The night was beautiful, just as it had always been. A sea of gleaming, shimmering stars shining against the night sky, and each one a spark – fuel for the memories that burned like fire in her mind, consuming everything she was and stealing her every stray thought. Fuel for the fires that would never fade, never die – they flickered and blazed, waxed and waned like the moon itself, but they burned ever on. Just as they always had, and just as they always would.
The night was beautiful, just as it had always been. The same as it had always been. Static. Unmoving. Unchanging. A thousand times a thousand perfect, gleaming stars, frozen in time for all eternity. Just as they had always been. Just as they were meant to be.
The night had always been unchanging, unyielding – a stark contrast to the swirling, ever changing days, as wild and unpredictable as anything the world had to offer. One day could bring gentle, beautifully swirling clouds, or a sky lit aflame by the gentle warmth of the sun, while the next bought stifling heat and the next cold, frightening grey.
Scholars had said that if the day was full of life, passion, love, the night was dark and empty. Hollow, and uncaring. And they were right. Because the day was alive. Every day she stood tall and guided her people alone as best she could was proof of that – the day was alive, and it was guided by her whims as surely as the sun itself. The day was alive, and the night was dead. An empty husk, stripped of the spark that had made it what it was.
Sometimes, Celestia wondered what her ponies would say if she told them. If she spoke of how once, the stars had danced. How every night had been different, changing, shifting and fading – how each had been crafted with a burning passion and love she could never have hoped to match, the work of a master with an infinite tapestry. Would they believe it? It seemed unlikely. It had been a thousand years since the stars had danced, swaying and shifting, stepping into line to the tune of a song only Luna had been able to hear. A thousand years since the last time she had seen some trace of the sister she loved so dearly.
A thousand years since the last time she had sealed her away.
As she stood on the balcony, staring up at the mare in the moon – that foul, dark thing that had once been her sister, she remembered. Remembered how the seal had broken, again and again. How she had found herself once more faced with a power she could barely comprehend, barely bring herself to face. How she had tried, a dozen times, to call out to her sister and free her from what had enslaved her. How she had failed.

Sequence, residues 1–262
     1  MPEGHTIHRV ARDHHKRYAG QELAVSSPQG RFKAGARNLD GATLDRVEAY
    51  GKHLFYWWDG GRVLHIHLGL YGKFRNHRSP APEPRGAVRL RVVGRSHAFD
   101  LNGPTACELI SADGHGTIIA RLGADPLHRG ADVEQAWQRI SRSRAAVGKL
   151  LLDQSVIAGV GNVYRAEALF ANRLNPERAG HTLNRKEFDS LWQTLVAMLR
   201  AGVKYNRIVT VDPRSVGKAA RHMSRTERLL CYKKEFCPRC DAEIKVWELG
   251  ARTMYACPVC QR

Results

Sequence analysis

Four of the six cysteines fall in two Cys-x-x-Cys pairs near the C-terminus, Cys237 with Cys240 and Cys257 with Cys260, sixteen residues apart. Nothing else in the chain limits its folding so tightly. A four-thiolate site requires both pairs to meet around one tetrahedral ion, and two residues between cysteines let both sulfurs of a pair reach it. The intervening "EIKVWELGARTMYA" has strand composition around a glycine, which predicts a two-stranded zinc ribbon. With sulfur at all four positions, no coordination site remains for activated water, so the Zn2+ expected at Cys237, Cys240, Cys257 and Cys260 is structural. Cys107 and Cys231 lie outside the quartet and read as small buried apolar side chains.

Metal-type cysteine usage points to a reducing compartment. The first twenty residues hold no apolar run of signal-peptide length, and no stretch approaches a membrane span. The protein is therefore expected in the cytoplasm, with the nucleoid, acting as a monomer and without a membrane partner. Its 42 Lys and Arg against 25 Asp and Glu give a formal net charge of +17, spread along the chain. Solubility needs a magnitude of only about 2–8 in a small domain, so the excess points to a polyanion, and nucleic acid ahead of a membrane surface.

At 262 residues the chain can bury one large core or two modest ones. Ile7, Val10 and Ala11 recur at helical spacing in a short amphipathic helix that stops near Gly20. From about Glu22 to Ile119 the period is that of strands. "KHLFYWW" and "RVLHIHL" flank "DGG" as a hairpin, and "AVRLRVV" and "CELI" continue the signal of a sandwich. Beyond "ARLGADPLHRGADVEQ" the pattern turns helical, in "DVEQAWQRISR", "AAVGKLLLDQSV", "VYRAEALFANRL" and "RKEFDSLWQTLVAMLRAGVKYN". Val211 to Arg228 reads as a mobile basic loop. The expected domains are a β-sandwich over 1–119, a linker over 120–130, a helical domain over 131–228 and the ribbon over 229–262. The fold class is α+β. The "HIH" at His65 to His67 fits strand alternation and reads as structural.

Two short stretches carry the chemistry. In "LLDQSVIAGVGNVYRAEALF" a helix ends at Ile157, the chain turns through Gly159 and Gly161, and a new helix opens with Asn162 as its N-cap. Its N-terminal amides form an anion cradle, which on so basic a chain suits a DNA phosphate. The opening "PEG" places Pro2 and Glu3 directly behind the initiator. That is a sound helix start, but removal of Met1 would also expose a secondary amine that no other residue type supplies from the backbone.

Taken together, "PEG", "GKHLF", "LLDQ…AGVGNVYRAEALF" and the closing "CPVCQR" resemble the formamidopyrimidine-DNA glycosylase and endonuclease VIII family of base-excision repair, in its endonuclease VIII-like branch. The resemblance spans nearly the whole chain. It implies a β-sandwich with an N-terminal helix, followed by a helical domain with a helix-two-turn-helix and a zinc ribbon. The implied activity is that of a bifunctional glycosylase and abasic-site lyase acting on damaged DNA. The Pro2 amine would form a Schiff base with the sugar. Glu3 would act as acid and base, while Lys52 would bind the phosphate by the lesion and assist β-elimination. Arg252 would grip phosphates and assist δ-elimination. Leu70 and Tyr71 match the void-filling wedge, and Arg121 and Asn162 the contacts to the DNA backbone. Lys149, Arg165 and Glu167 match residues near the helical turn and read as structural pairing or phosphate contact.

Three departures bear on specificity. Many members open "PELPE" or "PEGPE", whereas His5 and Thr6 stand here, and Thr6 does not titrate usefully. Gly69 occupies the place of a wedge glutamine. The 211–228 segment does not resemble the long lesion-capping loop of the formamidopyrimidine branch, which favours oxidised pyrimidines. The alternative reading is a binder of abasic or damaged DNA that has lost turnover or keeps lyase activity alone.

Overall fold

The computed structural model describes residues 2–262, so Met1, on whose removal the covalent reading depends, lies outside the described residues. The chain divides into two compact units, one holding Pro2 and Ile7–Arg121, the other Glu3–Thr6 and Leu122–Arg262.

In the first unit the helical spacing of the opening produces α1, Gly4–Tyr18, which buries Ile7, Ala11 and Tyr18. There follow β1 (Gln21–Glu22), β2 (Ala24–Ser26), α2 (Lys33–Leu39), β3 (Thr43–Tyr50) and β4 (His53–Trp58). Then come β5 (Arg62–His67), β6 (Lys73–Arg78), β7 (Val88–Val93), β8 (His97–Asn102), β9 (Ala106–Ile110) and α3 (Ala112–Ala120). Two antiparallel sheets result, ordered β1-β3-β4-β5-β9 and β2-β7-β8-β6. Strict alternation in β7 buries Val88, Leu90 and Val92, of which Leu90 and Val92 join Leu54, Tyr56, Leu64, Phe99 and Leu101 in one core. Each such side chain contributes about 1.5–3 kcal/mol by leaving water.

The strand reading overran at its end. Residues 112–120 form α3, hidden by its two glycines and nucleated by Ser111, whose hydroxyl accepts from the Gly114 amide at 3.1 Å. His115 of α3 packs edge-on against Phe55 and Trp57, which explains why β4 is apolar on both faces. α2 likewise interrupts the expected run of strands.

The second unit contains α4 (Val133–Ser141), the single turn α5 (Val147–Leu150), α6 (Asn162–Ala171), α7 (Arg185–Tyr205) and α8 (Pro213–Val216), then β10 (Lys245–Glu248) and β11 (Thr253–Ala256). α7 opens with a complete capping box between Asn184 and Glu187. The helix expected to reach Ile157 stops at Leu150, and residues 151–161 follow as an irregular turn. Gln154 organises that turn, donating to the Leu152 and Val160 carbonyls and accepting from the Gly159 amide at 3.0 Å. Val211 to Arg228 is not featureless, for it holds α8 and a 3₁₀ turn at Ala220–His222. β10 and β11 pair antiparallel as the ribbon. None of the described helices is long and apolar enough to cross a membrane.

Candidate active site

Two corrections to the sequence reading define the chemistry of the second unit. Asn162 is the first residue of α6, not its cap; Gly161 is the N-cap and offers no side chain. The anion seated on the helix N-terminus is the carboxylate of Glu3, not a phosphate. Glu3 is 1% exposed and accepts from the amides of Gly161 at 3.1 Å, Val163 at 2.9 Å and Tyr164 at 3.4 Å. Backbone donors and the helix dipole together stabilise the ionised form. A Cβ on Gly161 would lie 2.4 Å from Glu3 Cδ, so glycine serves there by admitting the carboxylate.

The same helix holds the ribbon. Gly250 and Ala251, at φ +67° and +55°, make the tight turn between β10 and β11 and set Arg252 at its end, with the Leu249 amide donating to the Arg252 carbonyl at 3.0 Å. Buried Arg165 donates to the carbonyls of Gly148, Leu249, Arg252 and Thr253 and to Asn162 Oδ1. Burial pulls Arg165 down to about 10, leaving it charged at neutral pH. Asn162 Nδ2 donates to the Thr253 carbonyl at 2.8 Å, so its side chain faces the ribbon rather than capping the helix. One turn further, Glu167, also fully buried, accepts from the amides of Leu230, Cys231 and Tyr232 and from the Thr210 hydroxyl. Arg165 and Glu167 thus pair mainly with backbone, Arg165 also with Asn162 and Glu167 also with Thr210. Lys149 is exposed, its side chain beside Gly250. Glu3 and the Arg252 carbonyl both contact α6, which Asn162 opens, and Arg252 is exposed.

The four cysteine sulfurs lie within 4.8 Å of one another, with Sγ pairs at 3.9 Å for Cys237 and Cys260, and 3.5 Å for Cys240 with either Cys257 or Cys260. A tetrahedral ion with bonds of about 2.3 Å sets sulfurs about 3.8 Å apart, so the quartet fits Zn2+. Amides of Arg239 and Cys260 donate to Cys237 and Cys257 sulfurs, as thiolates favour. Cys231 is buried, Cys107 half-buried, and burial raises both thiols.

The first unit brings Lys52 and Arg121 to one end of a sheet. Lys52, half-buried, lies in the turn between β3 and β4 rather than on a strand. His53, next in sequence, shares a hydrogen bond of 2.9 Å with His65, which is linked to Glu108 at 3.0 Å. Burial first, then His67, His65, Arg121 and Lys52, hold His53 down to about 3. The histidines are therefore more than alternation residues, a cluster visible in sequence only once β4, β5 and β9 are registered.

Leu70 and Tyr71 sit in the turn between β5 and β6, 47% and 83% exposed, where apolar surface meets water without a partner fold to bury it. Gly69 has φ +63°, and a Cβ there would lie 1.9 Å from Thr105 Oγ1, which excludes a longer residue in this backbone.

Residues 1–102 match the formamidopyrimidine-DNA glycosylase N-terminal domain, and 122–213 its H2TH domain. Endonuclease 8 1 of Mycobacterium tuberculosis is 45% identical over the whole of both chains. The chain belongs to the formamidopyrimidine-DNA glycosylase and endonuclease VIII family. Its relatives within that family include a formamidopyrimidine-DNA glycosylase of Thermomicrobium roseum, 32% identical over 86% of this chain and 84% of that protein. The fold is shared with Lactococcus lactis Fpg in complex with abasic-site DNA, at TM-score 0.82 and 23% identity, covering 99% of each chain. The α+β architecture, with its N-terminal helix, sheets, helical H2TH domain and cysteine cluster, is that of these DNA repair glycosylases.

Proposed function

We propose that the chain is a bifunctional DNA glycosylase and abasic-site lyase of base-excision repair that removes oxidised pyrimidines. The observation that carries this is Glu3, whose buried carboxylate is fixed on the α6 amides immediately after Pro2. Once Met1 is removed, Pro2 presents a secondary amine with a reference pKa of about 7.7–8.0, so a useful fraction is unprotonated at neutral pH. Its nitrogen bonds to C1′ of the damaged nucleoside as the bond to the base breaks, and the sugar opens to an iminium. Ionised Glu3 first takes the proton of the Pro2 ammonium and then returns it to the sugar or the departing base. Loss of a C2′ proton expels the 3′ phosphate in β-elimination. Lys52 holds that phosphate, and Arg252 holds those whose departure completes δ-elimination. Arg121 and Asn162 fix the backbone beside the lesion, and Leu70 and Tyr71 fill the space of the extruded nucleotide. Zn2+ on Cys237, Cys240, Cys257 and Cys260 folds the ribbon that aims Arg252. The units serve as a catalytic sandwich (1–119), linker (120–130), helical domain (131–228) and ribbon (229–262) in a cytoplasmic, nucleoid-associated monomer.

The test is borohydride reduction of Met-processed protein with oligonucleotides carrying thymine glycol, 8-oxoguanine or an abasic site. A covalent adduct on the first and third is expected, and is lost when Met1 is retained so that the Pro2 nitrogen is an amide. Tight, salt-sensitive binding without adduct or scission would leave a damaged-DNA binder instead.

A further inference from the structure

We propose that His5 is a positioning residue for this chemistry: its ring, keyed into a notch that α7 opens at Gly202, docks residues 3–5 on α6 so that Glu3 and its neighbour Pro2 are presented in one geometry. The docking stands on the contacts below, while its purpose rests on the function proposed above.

She remembered the hatred, burning in those eyes – the anger, and fury and shame. She remembered raising her head, preparing to make the killing blow and release her sister from the prison that had been forced upon her once and for all, and faltering.
Not once, but a dozen times. A dozen battles fought and won, a dozen chances to end the curse that she had struggled for so long to break. A dozen failures that still ate away at her, reminding her every day and every night that she was weak.
Twelve thousand years, since she had held her sister close and told her that she loved her.
It had to end. For her, and for Luna. For whatever was left of Luna. It had to end, and she wasn’t strong enough. She had never been strong enough, but now – with the elements of harmony forever lost to her, claimed by their rightful bearers – she doubted that she even had the strength to fight.
But perhaps…perhaps she didn’t need to be strong, this time. Perhaps this time – the last time, whichever way things went – she didn’t need to fight. All she had to do was set the field, and ensure that all the pieces were in play. All she had to do was send six of her loyal, faithful subjects – six ponies with no idea of the power they had or the dangers they faced – against a power they couldn’t possibly imagine.
All she had to do was risk six ponies, to save the world. All she had to do was risk Twilight Sparkle, to save the world.
And she wasn’t strong enough. She couldn’t do it.
But, as she felt the gentle night breeze on her face and remembered those burning, accusing, terrified eyes, she knew she had no choice.
She would send the Elements of Harmony to the field, and they would fight. They would die, or they would kill Nightmare Moon. And then it would be over. Whatever happened, Luna would be free. Whatever happened, Celestia would die a little more.
And if she were to fall, die beneath the hooves of the sister she had betrayed a dozen times…that was alright. Perhaps then, she could dance among the stars with Luna one last time.
Norse Pony’s comments: Ooh, good stuff. Good and dark. I love the idea that Nightmare Moon wasn’t a new thing, but a force that reasserted itself in Luna time and time again. Celestia’s resignation is palpable here, and that sells the despair of the story. This line struck me in particular: “Sometimes, Celestia wondered what her ponies would say if she told them. If she spoke of how once, the stars had danced.” That’s marvelously potent and evocative. Great stuff.